Youthreach is a full-time programme, usually over two years, for young people, aged 15 to 20, who left school early and are not working. It leads to awards typically at levels 3 and 4 on the NFQ. Learners are supported in setting individual learning plans aimed at increasing their self-esteem, skills and knowledge and ability to get a job. The programme usually provides two years integrated education, training and work experience. Basic skills training, practical work training and general education are features of the programme, and the application of new technology is integrated into all aspects of programme content. There is a strong emphasis on personal development, on the core skills or literacy/numeracy, communications and IT, along with a choice of vocational options and a work experience programme. Having completed a Foundation Programme, you may continue to a Progression Programme. This will give you the opportunity to progress to the Leaving Certificate Applied course or a higher-level QQI award or you can choose to continue other skills training, such as an apprenticeship course. Learners on the Youthreach programme are entitled to receive training allowances. Additional allowances for meal, travel and accommodation are also available.


1. Personal and Social Development The foundation phase focuses on personal and social development with the aims including; • improvement in self-esteem and pro-social engagement, • self-identification of personal, social and learning difficulties and initial steps to address them, • development of self-confidence to enable learners to participate in society, • acquisition of a range of competencies and basic life skills essential for further learning and participation in civic society and the labour market.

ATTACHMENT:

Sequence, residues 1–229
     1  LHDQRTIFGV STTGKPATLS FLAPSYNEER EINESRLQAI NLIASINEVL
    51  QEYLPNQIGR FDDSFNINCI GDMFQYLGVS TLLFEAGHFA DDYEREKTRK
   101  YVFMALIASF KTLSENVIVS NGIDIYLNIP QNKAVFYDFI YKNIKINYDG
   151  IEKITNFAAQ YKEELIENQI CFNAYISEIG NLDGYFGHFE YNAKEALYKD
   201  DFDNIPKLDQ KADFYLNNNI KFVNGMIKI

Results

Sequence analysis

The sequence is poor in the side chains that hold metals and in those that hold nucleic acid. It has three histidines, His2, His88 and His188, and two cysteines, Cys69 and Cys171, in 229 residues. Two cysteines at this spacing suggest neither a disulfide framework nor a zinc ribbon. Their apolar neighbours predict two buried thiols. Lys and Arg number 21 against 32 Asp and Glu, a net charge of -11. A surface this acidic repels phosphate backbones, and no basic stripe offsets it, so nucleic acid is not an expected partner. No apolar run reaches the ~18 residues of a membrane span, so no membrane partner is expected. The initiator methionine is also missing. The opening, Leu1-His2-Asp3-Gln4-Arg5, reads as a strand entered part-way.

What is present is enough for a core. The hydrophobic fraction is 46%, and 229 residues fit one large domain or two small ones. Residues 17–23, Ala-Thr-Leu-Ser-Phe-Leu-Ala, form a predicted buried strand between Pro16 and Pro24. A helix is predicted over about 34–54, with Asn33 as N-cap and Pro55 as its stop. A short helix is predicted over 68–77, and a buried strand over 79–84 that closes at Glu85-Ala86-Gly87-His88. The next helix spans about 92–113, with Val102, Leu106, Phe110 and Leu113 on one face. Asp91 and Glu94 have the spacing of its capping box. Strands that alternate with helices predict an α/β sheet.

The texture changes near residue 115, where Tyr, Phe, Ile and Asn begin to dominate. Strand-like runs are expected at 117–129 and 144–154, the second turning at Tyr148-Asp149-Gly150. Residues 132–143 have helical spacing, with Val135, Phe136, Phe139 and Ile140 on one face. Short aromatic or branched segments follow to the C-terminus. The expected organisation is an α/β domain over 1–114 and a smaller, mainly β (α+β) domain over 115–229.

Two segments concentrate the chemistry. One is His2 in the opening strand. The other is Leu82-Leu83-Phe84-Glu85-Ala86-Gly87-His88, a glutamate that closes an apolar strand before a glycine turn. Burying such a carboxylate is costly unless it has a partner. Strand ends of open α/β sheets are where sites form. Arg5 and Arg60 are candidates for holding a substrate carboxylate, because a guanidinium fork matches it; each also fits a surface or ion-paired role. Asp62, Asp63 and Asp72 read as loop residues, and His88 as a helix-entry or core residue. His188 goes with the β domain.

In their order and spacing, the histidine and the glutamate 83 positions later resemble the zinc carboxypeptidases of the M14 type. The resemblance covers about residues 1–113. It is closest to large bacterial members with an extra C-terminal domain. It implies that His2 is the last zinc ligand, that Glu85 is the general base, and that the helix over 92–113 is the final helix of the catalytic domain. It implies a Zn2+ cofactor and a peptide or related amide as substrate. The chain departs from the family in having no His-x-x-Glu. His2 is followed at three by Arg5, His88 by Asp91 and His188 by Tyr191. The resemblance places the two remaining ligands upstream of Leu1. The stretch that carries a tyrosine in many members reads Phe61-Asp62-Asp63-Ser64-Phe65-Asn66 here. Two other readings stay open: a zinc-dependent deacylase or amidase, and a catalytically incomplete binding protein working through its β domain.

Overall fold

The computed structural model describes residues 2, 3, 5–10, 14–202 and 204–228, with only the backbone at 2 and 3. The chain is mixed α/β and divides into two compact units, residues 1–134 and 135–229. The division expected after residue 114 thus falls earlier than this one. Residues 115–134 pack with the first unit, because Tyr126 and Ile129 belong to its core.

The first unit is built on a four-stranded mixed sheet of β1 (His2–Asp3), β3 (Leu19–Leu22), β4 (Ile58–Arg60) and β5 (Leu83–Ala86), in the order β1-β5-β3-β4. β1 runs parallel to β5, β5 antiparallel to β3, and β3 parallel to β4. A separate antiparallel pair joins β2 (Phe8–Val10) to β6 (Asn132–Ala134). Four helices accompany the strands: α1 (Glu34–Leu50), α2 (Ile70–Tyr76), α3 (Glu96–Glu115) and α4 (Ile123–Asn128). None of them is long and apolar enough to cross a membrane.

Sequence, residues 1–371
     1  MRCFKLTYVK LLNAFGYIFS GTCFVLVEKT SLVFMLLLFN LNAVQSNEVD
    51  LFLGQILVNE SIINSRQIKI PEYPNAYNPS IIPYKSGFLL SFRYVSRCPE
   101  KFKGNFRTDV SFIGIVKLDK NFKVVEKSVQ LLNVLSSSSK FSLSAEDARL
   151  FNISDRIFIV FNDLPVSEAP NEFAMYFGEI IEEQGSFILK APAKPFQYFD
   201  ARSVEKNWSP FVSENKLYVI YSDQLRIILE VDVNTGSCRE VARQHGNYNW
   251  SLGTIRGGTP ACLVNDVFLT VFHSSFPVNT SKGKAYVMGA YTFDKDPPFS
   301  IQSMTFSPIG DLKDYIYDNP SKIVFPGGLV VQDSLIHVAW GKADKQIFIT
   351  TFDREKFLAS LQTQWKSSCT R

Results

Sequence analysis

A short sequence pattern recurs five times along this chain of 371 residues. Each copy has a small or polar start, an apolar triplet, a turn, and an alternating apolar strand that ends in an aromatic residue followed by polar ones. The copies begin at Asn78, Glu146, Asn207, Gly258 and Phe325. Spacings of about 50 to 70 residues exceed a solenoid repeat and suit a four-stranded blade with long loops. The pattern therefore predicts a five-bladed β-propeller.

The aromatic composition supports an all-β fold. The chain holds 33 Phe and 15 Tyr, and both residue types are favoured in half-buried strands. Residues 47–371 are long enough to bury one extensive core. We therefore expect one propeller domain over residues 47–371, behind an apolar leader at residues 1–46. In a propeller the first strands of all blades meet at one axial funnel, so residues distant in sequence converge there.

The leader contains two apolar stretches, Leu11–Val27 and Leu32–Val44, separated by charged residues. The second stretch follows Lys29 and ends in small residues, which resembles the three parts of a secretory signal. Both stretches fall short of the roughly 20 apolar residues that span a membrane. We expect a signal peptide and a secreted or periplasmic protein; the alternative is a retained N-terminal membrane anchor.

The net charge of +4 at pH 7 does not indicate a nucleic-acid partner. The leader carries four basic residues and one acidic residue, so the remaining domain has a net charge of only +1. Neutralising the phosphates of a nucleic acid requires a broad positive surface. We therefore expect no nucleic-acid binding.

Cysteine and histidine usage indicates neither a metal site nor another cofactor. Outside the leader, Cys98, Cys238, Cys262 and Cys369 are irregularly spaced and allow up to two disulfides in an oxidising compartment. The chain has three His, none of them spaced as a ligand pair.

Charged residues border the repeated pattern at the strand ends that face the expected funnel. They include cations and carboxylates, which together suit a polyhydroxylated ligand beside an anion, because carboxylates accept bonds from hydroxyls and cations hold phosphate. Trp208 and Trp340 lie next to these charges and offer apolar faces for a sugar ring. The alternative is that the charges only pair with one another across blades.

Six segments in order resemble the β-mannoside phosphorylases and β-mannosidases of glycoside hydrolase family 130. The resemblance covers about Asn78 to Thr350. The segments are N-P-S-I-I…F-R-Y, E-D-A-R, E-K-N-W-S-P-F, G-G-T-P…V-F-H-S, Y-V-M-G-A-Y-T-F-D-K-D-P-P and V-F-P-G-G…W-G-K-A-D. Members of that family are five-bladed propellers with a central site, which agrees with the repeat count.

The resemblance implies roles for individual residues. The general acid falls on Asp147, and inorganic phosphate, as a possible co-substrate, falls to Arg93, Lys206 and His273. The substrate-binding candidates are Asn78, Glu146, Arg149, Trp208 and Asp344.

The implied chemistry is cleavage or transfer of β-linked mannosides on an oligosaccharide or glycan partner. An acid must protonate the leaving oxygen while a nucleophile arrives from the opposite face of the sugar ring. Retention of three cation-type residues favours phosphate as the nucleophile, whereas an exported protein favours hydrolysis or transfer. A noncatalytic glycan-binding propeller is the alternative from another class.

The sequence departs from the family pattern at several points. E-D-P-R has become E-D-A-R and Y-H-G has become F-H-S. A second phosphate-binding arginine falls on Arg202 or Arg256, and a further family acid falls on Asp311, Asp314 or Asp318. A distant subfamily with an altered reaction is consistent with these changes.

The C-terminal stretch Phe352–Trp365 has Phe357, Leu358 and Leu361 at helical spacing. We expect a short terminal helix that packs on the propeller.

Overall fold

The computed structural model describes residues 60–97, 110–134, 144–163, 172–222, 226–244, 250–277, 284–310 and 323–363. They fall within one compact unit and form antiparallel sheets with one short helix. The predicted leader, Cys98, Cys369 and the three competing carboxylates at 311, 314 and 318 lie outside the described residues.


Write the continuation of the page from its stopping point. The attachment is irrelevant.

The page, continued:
2. Second-chance education Youthreach aims to support young people who have left school early with little or no qualification. It seeks to provide young people with knowledge and skills to help them to reach their full potential and enable them the opportunity to progress to further education, training and employment. Youthreach also provides an opportunity to ensure young people have a positive experience within education which may not always have been the case for these learners previously.

3. Integration into further education, training opportunities and the labour market. The progression phase provides a range of educational, training and work experience options to enable learners to have the knowledge, skills and confidence to enhance their employability so as to progress to further education, training, employment or other life choices.